1 Gene Transfer: A Perspective.- 2 Cell Hybridization and the 24 Human Gene Maps.- 1. Introduction.- 2. Somatic-Cell Hybridization and the Transfer of Whole Genomes.- 3. Somatic-Cell Hybrids for Gene Mapping.- 4. Regional Gene Mapping with Cell Hybrids.- 5. Markers for Mapping the Human Genome.- 6. High-Resolution Chromosome Mapping.- 7. The 24 Gene Maps.- 8. Conclusions.- References.- 3 Microcell Fusion and Mammalian Gene Transfer.- 1. Introduction.- 2. Mammalian Gene Mapping Using Microcell Hybrids.- 3. Monochromosomal Hybrid Panels.- 4. Genetic Analysis of Complex Phenotypes.- 5. Concluding Remarks.- References.- 4 Use of Metaphase-Chromosome Transfer for Mammalian Gene Mapping.- 1. Introduction.- 2. A Short History of Metaphase-Chromosome Transfer.- 3. Introduction of Novel Dominant Markers.- 4. Metaphase-Chromosome Transfer of Introduced Selectable Markers.- 5. Applications and Prospects.- 6. Conclusions.- References.- 5 Vectors for Gene Transfer Derived from Animal DNA Viruses: Transient and Stable Expression of Transferred Genes.- 1. Introduction.- 2. Vectors That Permit Stable or Transient Expression of Transferred Genes.- 3. Vectors That Permit the Maintenance of Transferred Genes as Plasmids.- 4. Comparisons and Conclusions.- References.- 6 Retrovirus Vectors for Gene Transfer: Efficient Integration into and Expression of Exogenous DNA in Vertebrate Cell Genomes.- 1. Introduction.- 2. Retrovirus Life Cycle.- 3. Natural Retrovirus Vectors.- 4. Types of Retrovirus Vectors.- 5. Uses of Retrovirus Vectors.- 6. Problems of Retrovirus Vectors.- 7. Detailed Description of Types of Retrovirus Vectors.- 8. Summary.- References.- 7 Transgenic Mice: Gene Transfer into the Germ Line.- 1. Introduction.- 2. Regulation of Specific Gene Expression in Transgenic Mice.- 3. Physiological Consequences of Altered Gene Expression in Transgenic Mice.- 4. Introduction of Viral Transforming Genes into Embryonic Cells and Transgenic Mice.- 5. Cellular Oncogenes in Transgenic Mice.- References.- 8 Expression of Transfected Genes.- 1. Introduction.- 2. Methodology.- 3. Expression in L Cells.- 4. Inducible Genes in Fibroblasts.- 5. Expression of Globin Genes.- 6. Expression of Immunoglobulin Genes.- 7. Expression of Cell-Surface Antigens.- 8. Summary.- References.- 9 Mutation of Autonomously Replicating Plasmids.- 1. Introduction.- 2. Spontaneous Mutation of Autonomously Replicating Plasmids.- 3. Induced Mutation of Autonomously Replicating Plasmids.- 4. Summary.- References.- 10 Gene Purification by Transfection Methods.- 1. Introduction.- 2. Methods of Isolation.- 3. Developing Approaches.- 4. Conclusions.- References.- 11 Applications of Gene Transfer in the Analysis of Gene Amplification.- 1. Introduction.- 2. Selection of Transformants with Amplified Sequences.- 3. Coamplification of Linked Genes.- 4. Position Effects in Gene Amplification.- 5. The Effect of "Nuclear Environment" on Gene Amplification.- 6. Conclusions and Perspectives.- References.- 12 Retroviral Integration and Insertional Mutagenesis.- 1. Introduction.- 2. Integration Reaction: Sequences and Structures.- 3. Integration Enzymes and Factors.- 4. Insertional Activation and Transformation.- 5. Insertional Mutagenesis.- References.- 13 Homologous Recombination in Mammalian Somatic Cells.- 1. Introduction.- 2. Mitotic Recombination.- 3. Recombination between Exogenously Introduced Homologous Sequences.- 4. Use of Autonomously Replicating Molecules.- 5. Factors That Influence Homologous Recombination.- 6. Recombination between "Cellular" Sequences and Plasmid DNA.- 7. Recombination with a Cellular Sequence.- 8. Cell-Free Systems to Study Recombination.- 9. Summary and Conclusions.- References.- 14 Intrachromosomal Recombination in Mammalian Cells.- 1. Introduction: Method for Studying Recombination between Chromosomal Sequences.- 2. General System.- 3. Deriving Single-Copy Parental Cell Lines.- 4. Analysis of Intrachromosomal Recombination between Direct Repeats.- 5. Position Effects on Gene Conversion.- 6. Factors That Affect Gene Conversion.- 7. Utility of Recombination Studies Employing Inverted Repeats.- 8. Coconversion.- 9. Fidelity of Conversion.- 10. Double Dominant Plasmids to Study Homologous Recombination.- 11. Summary 406 References.- 15 Developments Leading to Human Gene Therapy.- 1. Introduction.- 2. Genetic Diseases as Models for Gene Therapy.- 3. Transplantation in the Treatment of Genetic Diseases.- 4. Gene-Transfer Methods.- 5. Experimental Gene Transfer of Human-Disease-Related Genes.- 6. Ethical Considerations.- 7. Summary.- References.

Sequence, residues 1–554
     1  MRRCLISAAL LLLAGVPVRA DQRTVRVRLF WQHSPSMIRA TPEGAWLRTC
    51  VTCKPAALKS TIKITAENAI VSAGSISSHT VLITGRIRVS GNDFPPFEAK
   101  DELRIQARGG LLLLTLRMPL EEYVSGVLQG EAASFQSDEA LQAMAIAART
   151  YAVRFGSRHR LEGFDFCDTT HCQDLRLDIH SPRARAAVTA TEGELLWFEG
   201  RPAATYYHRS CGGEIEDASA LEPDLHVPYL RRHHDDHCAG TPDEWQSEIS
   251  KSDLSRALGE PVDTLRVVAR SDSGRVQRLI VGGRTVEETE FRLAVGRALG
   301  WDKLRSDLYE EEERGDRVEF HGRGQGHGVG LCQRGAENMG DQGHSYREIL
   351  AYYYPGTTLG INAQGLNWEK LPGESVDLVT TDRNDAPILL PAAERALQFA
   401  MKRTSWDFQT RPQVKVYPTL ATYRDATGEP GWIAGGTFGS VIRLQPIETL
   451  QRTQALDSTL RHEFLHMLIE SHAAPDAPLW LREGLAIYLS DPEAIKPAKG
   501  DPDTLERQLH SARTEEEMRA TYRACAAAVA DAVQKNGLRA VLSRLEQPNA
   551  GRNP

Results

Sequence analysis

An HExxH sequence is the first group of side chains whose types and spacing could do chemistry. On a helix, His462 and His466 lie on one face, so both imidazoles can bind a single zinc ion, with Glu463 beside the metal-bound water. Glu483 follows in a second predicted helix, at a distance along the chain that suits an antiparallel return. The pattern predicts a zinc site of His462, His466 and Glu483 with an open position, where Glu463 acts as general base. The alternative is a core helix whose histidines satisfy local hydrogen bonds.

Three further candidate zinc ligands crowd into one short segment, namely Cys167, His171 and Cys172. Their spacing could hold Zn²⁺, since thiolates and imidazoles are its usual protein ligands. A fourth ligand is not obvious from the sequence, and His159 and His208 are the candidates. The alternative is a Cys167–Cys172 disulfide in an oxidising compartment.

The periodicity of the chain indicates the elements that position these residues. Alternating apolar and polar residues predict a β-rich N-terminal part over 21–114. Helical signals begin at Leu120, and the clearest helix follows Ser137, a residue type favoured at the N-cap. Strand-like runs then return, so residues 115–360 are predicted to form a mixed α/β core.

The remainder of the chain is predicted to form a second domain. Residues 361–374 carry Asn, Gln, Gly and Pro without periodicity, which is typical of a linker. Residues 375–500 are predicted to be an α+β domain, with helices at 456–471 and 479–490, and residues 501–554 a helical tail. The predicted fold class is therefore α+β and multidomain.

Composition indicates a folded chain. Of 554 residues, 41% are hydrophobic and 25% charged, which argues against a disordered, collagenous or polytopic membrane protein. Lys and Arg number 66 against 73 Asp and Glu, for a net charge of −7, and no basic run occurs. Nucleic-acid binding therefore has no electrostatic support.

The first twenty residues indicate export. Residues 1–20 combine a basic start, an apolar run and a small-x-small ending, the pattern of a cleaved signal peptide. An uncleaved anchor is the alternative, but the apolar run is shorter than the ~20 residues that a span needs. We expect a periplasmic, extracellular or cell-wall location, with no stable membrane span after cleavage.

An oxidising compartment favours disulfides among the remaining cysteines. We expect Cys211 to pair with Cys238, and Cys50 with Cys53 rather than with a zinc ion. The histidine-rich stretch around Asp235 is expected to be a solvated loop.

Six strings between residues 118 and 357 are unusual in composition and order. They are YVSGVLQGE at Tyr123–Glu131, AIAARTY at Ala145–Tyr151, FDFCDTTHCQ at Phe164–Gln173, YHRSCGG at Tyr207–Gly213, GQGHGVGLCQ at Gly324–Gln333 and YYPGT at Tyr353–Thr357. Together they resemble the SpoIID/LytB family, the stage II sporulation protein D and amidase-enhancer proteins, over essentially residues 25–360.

Number Of Pages: 462
Published: 30th March 2012
Country of Publication: US
Dimensions (cm): 22.9 x 15.2
Weight (kg): 0.67